Source:
    Fisher & Ury (1991). Getting to Yes. Penguin Books.
  • The norm of reciprocity works like an informal social rule. It is an expectation that if someone does something good for me, I should do something good for them, and vice versa.
    Source:
    Rubin, Pruitt, & Kim (1994).
  • This presentation provides several important ideas that can be applied in particularly difficult conflict situations.
  • Transcript of "HR challenge: How to manage workplace conflicts - SHRM India"

    1. 1. Managing Difficult Conflicts Richard A. Posthuma, J.D., Ph.D., GPHR, SPHR 2010
    2. 2. For more on Indian HR industry, click here • Parties often become angry in disputes because: • They are frustrated with not being able to get what they want. • They see that the other party has different interests than they do. 2 © SHRM 2010 Anger in Disputes
    3. 3. For more on Indian HR industry, click here • Lower regard for opponent’s interest. • Less accuracy in judging opponent’s interests. • Use of more contentious tactics. • More likely to reject settlement offers. • Less thought about the consequences of one’s • own negative actions. • Less restraint in the face of threats. • Lower levels of joint gains. • Can lead to conflict spirals. • Higher incidence of impasse. 3 © SHRM 2010 Negative Effects of Anger
    4. 4. For more on Indian HR industry, click here Positive Effects of Anger • Indicates to the other person that the issue is very important. • Indicates to the other person that you are less likely to make concessions. • May induce the other party to yield when they are in a weaker position. 4 © SHRM 2010
    5. 5. For more on Indian HR industry, click here Conflict Spirals • Conflict spirals: > When parties engage in repeated contentious communications with each other. • Problems: > Tend to induce reciprocating contentious communications from the other party. > Have momentum that is difficult to stop. • Outcomes: > Impasse. > Settlements tend to be more one-sided, with the more powerful party winning. 5 © SHRM 2010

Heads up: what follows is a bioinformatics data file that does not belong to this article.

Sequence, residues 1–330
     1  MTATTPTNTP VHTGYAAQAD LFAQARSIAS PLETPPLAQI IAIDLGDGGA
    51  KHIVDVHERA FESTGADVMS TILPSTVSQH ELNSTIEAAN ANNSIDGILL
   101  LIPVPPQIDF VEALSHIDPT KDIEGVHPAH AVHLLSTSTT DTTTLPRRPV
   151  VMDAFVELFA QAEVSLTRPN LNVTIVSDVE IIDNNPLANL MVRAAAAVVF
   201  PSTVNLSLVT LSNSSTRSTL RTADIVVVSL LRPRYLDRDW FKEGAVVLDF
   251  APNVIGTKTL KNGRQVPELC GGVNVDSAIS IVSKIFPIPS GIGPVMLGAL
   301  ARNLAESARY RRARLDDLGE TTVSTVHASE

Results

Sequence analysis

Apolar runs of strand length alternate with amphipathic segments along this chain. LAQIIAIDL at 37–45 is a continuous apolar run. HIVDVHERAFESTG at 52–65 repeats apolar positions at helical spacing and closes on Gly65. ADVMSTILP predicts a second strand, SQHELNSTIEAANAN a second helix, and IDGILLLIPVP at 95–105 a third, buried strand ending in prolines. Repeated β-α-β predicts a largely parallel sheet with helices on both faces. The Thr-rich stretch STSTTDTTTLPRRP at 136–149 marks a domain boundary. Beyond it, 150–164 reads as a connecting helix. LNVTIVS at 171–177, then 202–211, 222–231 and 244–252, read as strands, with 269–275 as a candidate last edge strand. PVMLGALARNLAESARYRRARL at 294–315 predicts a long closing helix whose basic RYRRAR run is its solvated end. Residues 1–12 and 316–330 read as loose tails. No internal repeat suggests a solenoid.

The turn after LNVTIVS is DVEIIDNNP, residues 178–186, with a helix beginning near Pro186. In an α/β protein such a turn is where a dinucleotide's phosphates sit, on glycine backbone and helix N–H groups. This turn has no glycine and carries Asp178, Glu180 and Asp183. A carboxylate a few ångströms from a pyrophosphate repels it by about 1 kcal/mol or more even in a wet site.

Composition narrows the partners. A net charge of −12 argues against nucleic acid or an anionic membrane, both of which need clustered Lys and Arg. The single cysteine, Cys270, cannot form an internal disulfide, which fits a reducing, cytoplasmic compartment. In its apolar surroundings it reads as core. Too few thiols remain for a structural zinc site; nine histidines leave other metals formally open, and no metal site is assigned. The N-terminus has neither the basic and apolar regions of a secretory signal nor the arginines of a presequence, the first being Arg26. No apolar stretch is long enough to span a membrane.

6. 6. For more on Indian HR industry, click here Norm of Reciprocity People tend to reciprocate similarly: • Contentious behavior with contentious behavior (e.g., threats). • Integrative behaviors with integrative behaviors (e.g., “How can we both get something out of this?”). 6 © SHRM 2010
    7. 7. For more on Indian HR industry, click here Avoiding and Ending Conflict Spirals • Don’t reciprocate > Can break the spiral. > May, however, erroneously signal a weakness or willingness to concede. • GRIT (Graduated and Reciprocated Initiatives in Tension reduction) > Make and request small steps to reduce tensions. > Requires reciprocity. • Mixed communications > Avoids sending weakness signals. • Restrict precedents 7 © SHRM 2010
    8. 8. For more on Indian HR industry, click here Graduated and Reciprocated Initiatives in Tension Reduction (GRIT) • One party initiates de-escalation by: > Announcing a concession. > Explaining that the concession is part of a strategy to reduce escalation. > Unilaterally executing the concession. • Creates an opportunity for and expectation that the opponent will reciprocate with a concession. > Problem: They may just take the concession and not reciprocate. 8 © SHRM 2010
    9. 9. For more on Indian HR industry, click here • Sometimes it’s best to mix a contentious statement with a conciliatory statement. • Examples: • Contentious: Party 1 states, “If you persist in these demands, we’d prefer to see you in court, where we expect the judge to find in our favor.” • Mixed: Party 2 responds, “We are prepared to let a judge decide, but we think that we will both be better off if we reach an agreement based on our interests. Tell me again what your software needs are.” 9 © SHRM 2010 Mixed Communications
    10. 10. For more on Indian HR industry, click here Labeling the Process Sometimes, “labeling” the process is helpful. • It changes the focus to the negotiation process instead of on the parties’ positions. • Examples of labeling the process that you’ve been following as ineffective: > “We seem to be going back and forth and getting nowhere.” > “We’re not going to settle things this way. Let’s focus on how we can go about settling the problem.” 10 © SHRM 2010
    11. 11. For more on Indian HR industry, click here By restricting the degree to which a settlement may set a precedent, the stakes are lower and the parties may be more willing to reach an agreement. 11 © SHRM 2010 Restrict Precedents
    12. 12. For more on Indian HR industry, click here Summary • Sometimes conflicts are particularly difficult to resolve. • A common reason is that anger interferes with rational thinking and behaviors. • Often, conflict spirals develop in which the conflict gets worse. • There are several methods for managing difficult conflicts, managing emotions, and reducing the tensions that result from conflict spirals. 12 © SHRM 2010
    13. 13. Thank You! For more on Indian HR industry, click here